The thing is, that abandoned fairground already had mice, as I tried to tell Big Al. I’d hardly ever actually seen one but you could hear them, rustling, scratching and sometimes squeaking as they fought.

Big Al wasn’t interested. Were they HIS mice?

Well, no ….

Well, didn’t I see the problem?

I nodded. I could see I had a problem and I’d have a worse one if I didn’t do as he wanted.

Big Al’s mice arrived next day delivered by motorbike courier, in a plastic bag. Yeah, I know … but remember — I’m not the script writer.

I took some of the mice out. They were sleek, strong, well-fed, pinky-white mice. I carried the bag to the empty fair ground and let some of them out, to see how they got on. They scurried eagerly down lots of holes and there was suddenly a lot of squeaking underground. Then silence.

After a while, one came back, mauled and bloody. I waited but no others arrived. I put the rest of Al’s mice on the ground so they could avenge their mates. I had no choice, unless I wanted to tell Big Al I had disobeyed his instructions.

Those mice knew what was waiting for them and not a single one went down any hole. They milled around above ground. Then they found an unopened can of beer left by some inebriated street drinker, bit through into it …. and proceeded to get really, really drunk.

Some of Al's mice before they discovered the beer can
Some of Al’s mice before they discovered the beer can

They were still drunk when Big Al dropped by to see how his mouse colonising was progressing.

“What the fuck is going on?” Big Al and his bodyguard were looking in amazement at his carousing, stumbling mice.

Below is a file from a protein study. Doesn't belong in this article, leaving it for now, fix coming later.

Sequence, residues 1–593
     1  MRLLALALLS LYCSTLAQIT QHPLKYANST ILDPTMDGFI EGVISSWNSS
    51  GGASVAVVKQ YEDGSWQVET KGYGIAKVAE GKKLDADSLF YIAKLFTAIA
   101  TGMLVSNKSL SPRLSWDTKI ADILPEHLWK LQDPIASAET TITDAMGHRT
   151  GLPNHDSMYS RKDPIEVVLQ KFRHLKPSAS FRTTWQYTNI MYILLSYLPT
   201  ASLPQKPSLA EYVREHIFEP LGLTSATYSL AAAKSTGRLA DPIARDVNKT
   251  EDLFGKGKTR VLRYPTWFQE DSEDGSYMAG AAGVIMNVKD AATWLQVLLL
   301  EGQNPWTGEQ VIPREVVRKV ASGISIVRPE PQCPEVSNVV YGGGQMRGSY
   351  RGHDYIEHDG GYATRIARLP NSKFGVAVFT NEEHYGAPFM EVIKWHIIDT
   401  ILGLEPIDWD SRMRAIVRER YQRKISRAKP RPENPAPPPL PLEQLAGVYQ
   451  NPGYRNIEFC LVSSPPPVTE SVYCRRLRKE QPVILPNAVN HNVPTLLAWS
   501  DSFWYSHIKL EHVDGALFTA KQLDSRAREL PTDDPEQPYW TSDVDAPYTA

I told him what had happened. He shook his head, muttered something, shook his head again, then went off grumbling to get some more mice – maybe Super-mice, or Ninja Mice, or something.

I knew the drunken mice would be history. If a cat or a kestrel didn’t get them …. well, Big Al had a low tolerance for failure. I should have felt sorry for them …. and I kind of did … but also a kind of contempt. The fairground mice had lived a hard life, braving flood and ice, finding what food they could, breeding, tunneling, avoiding alley cats, kestrels …

Big Al’s mice had been fed high-protein diets, reared in secure environments, built up muscle, each probably outweighed the biggest fairground mouse by a couple of ounces. But those scruffy, lean, dirty mice had finished off the advance guard of Al’s mice in minutes. And the rest? Didn’t even have the courage to make a fight of it but went and got drunk instead!

I left them to it. Al would be back and he’d probably want to supervise the operation against the Fairground Mice himself. That was fine with me. I didn’t like the job and I secretly wished the native mice well.

Anyway, I had other problems to deal with. I still had to organise my area for Big Al’s other operations – or else. I didn’t know exactly what the “else” might be and truth to tell, I didn’t even want to think about it.

 

…………………………………………………………………………………………………………………………………………….